The northern provinces of the Netherlands united in 1579, politically separating themselves from Flanders to the
south, and two years later, the provinces declared their independence from Spain. The Spanish would continue to
contest the provinces’ independence in the early seventeenth century, but from this point onward, the Dutch
Republic took on a unique character. In spite of its small size, the Dutch Republic was exceptionally powerful and
wealthy, gaining prosperity from banking, shipping, and trade with its own colonies in the New World and other
countries throughout the world.
Many merchants, ship owners, and businessmen became wealthy, and the prosperity spread to the middle class,
which could then afford luxuries like works of art. Some major works were still commissioned by organizations or
individuals, but more often, Dutch artists worked for an open market, making paintings and prints they could sell in
shops. Artists made what they thought would appeal to the middle class: paintings were modest in size, and genre
painting, still life, and landscape became more important.
Calvinism was the dominant religion in the Dutch Republic at this time. John Calvin was one of the Protestant
Reformers who strongly disapproved of religious art. He felt that images of saints or the crucified Christ would lead
people to idolatry—that people would mistake the images for the persons they represented and would thus pray to
the works of art instead of to God or the other holy figures. In the northern Netherlands, this distrust of religious
images took a particularly violent turn, and many older sculptures and altarpieces were destroyed as a result.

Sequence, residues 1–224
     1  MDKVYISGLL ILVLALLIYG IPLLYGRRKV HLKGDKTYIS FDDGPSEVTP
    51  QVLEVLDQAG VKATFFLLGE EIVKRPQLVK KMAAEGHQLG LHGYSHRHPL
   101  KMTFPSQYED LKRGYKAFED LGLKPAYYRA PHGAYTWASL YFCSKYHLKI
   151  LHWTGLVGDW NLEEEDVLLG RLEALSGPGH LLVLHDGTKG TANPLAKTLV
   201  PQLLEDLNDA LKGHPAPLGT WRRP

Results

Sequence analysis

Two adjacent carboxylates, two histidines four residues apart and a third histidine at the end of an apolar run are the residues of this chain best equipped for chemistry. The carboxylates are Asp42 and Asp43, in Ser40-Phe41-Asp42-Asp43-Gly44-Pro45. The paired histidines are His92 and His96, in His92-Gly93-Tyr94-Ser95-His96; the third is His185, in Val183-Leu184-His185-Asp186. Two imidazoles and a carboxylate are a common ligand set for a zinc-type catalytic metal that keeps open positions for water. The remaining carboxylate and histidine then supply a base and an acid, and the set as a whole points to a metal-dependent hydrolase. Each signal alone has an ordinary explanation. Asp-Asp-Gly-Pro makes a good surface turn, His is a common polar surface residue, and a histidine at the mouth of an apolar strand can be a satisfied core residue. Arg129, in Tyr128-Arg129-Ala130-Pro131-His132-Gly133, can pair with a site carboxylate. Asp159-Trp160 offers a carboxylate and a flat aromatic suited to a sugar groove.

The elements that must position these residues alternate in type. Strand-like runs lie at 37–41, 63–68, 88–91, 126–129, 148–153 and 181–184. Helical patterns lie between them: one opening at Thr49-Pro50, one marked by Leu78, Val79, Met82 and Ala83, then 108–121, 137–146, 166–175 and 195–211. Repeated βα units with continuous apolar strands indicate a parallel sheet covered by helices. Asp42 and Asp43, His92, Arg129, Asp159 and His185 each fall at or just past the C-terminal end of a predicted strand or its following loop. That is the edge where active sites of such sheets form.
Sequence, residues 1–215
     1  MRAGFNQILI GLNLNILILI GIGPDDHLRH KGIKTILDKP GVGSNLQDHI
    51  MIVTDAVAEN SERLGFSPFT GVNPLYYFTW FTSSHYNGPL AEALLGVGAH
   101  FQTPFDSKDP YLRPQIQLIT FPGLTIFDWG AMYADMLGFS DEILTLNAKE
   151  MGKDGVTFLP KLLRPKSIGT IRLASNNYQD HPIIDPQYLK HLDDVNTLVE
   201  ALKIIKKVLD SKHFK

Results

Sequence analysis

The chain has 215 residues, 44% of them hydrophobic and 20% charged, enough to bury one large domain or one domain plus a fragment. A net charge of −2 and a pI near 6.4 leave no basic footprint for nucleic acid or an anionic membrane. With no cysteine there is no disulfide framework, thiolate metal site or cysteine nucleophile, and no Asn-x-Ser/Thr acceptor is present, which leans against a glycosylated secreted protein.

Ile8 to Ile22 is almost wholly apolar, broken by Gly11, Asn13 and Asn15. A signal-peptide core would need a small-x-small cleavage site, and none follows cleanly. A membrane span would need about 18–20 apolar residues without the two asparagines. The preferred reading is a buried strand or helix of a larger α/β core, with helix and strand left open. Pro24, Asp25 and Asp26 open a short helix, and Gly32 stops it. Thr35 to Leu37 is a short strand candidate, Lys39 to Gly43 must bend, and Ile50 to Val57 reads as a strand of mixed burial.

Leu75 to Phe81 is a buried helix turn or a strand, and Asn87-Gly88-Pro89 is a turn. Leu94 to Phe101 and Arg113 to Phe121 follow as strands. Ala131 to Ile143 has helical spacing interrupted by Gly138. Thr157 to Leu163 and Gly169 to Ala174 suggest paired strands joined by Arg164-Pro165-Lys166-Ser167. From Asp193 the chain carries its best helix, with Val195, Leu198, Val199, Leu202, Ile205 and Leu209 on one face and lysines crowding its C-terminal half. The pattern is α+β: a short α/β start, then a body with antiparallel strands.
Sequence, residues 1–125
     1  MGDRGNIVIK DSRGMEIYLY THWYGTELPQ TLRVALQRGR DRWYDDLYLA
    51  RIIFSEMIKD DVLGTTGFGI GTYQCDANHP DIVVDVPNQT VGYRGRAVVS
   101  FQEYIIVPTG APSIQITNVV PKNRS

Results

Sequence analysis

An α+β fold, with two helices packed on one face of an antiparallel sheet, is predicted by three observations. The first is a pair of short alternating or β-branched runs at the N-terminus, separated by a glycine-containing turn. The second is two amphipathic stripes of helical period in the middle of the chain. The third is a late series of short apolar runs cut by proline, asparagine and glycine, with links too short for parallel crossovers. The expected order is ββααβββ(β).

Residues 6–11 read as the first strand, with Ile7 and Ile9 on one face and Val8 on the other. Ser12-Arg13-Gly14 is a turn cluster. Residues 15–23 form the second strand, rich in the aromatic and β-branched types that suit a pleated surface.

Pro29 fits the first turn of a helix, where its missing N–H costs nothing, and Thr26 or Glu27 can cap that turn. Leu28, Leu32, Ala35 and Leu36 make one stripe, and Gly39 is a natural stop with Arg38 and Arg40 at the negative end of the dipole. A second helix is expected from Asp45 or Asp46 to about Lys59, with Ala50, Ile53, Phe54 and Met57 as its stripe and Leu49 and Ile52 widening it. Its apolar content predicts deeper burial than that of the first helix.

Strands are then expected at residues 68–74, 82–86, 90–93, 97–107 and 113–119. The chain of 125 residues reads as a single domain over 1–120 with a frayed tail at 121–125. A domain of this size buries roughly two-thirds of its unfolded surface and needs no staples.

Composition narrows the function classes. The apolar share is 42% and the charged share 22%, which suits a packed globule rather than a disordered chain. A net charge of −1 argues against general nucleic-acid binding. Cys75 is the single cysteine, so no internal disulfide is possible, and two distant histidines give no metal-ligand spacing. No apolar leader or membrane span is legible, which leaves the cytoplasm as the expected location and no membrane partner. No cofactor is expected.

Religious art that helped people understand the stories of the Bible, however, especially small narrative works in
which figures would not be mistaken for actual people, still had a place in Dutch art.
Even if they do not have an overtly religious subject, many Dutch paintings contain a moralistic meaning. For
example, a genre painting showing what looks like a bawdy tavern scene might actually represent the Prodigal Son
(a young man who squandered his inheritance), leading the viewer to consider the consequences of drinking and
high living. Even a still life can include objects referring to the passage of time and the transient pleasure of material
goods. But there is debate about how much we should read into Dutch painting—surely the display of wealth,
pleasure, and good-natured friendship could also be enjoyed for its own sake.
As in many other countries in Europe, Caravaggio’s
darkly shadowed style of painting was influential in
the Dutch Republic. A group of painters in the city
of Utrecht learned about Caravaggio’s work from
Gerrit van Honthorst, who had traveled to Italy
around 1610. Van Honthorst’s tavern scenes (right)
seem to be lit by unseen candles, which emphasizes
the sharply defined features of the picturesque
characters. Many other Dutch artists, including
Rembrandt, used Caravaggio’s dramatic lighting in
their portraits to selectively focus on the sitter’s
face and hands.